D-Day Profile of Courage: Leading Aircraftwoman Eugénie “Frankie” Turner

A woman in a military uniform
Leading Aircraftwoman Eugénie “Frankie” Turner.

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In December 1943, Leading Aircraftwoman Eugénie “Frankie” Turner was sent overseas. She vividly remembers the journey across the Atlantic. “It was quite an experience,” she recalls, “we hit a terrible storm on the way. It was December in the Atlantic. After four days of terrible storm, we noticed we were all alone; we’d lost the convoy and we were all alone. But it took us eight days to get to England”. Upon her arrival, she was posted to the Royal Air Force station at Linton on Ouse, Yorkshire. There, she spent almost two years performing key roles such as telecommunication on teletype, deciphering messages and preparing information for air crew operational briefings.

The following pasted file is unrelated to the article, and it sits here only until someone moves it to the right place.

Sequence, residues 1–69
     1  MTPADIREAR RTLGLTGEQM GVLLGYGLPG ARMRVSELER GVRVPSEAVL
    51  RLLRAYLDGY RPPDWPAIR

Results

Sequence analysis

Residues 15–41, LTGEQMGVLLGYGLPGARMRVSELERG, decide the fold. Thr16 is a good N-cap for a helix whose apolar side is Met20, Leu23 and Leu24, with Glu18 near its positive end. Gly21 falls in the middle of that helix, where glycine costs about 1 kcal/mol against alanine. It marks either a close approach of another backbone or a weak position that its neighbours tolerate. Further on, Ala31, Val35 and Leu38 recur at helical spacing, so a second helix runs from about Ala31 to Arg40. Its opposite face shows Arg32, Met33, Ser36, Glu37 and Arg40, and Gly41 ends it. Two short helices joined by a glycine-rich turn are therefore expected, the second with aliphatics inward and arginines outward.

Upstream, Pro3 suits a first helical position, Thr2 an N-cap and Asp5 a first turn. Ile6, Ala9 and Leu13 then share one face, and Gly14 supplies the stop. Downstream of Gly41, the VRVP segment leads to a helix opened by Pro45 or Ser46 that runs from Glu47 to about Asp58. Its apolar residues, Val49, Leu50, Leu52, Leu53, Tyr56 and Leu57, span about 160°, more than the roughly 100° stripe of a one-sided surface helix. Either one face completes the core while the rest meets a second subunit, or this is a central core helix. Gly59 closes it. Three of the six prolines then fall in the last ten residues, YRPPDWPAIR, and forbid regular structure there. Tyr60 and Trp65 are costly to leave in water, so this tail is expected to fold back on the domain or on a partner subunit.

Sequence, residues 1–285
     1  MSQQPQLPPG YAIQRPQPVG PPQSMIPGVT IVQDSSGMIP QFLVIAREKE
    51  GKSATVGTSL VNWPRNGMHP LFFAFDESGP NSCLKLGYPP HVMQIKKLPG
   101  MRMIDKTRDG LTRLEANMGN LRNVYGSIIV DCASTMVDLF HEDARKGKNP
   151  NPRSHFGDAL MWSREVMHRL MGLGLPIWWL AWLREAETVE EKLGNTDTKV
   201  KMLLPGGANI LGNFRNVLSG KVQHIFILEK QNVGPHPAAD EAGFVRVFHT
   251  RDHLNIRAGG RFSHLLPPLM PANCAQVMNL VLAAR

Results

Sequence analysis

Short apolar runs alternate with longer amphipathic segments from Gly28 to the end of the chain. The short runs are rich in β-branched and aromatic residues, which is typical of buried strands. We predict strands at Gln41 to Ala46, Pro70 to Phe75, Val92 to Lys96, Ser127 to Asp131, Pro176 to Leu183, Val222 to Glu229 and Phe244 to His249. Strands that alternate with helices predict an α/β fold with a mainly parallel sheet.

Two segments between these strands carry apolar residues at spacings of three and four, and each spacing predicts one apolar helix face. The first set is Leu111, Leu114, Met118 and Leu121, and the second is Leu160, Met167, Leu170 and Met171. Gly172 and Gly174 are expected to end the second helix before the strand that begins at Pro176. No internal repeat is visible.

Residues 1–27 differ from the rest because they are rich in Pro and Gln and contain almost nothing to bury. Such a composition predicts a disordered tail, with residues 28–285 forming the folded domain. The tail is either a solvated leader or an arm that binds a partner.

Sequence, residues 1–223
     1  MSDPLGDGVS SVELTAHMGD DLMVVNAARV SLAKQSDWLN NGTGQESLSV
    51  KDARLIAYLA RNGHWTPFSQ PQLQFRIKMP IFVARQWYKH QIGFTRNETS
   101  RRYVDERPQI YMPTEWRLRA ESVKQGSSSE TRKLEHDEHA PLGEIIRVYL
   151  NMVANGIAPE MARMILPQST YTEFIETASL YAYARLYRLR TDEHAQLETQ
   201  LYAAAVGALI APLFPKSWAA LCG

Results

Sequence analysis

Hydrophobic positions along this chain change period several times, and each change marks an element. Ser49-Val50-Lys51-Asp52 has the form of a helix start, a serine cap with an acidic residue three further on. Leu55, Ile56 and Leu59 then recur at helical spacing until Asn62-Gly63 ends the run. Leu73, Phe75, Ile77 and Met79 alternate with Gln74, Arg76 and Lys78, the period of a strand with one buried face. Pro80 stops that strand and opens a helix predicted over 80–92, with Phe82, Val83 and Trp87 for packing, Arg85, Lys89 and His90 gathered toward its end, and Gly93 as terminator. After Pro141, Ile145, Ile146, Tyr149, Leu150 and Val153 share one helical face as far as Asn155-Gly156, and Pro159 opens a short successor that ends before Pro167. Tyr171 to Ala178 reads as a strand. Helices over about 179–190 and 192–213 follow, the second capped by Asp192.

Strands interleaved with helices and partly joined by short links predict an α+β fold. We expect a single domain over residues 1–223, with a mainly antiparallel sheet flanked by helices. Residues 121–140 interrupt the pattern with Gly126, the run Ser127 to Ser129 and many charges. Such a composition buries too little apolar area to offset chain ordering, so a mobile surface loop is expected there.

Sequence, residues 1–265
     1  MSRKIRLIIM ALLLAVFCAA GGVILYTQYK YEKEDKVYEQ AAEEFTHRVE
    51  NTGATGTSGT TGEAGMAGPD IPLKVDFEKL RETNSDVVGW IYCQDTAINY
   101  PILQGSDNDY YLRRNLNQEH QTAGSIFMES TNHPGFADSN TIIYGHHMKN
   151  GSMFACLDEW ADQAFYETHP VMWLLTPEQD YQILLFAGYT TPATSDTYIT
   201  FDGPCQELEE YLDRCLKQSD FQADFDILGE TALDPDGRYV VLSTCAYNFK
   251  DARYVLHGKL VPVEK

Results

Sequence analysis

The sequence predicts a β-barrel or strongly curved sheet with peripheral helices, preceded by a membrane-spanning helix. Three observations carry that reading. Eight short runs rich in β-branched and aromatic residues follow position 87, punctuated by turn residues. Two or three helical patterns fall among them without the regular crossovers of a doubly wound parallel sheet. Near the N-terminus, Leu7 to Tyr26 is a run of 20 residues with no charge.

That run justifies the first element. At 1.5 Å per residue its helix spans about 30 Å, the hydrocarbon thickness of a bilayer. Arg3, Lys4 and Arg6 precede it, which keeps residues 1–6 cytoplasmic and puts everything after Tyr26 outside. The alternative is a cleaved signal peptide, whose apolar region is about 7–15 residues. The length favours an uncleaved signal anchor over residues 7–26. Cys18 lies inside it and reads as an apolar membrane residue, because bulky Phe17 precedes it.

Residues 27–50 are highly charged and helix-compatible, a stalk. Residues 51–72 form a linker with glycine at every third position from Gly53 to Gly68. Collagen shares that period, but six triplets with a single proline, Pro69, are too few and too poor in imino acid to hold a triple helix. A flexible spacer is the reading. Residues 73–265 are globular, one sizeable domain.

She was principally responsible for two squadrons (408 and 426), each squadron having 15 bombers. During D-Day, she worked 24 hours straight to keep the squadrons’ operations up-to-the-minute on developing events. Eugénie and her base were officially congratulated for their D-Day communications work. Read the rest of the article . . .

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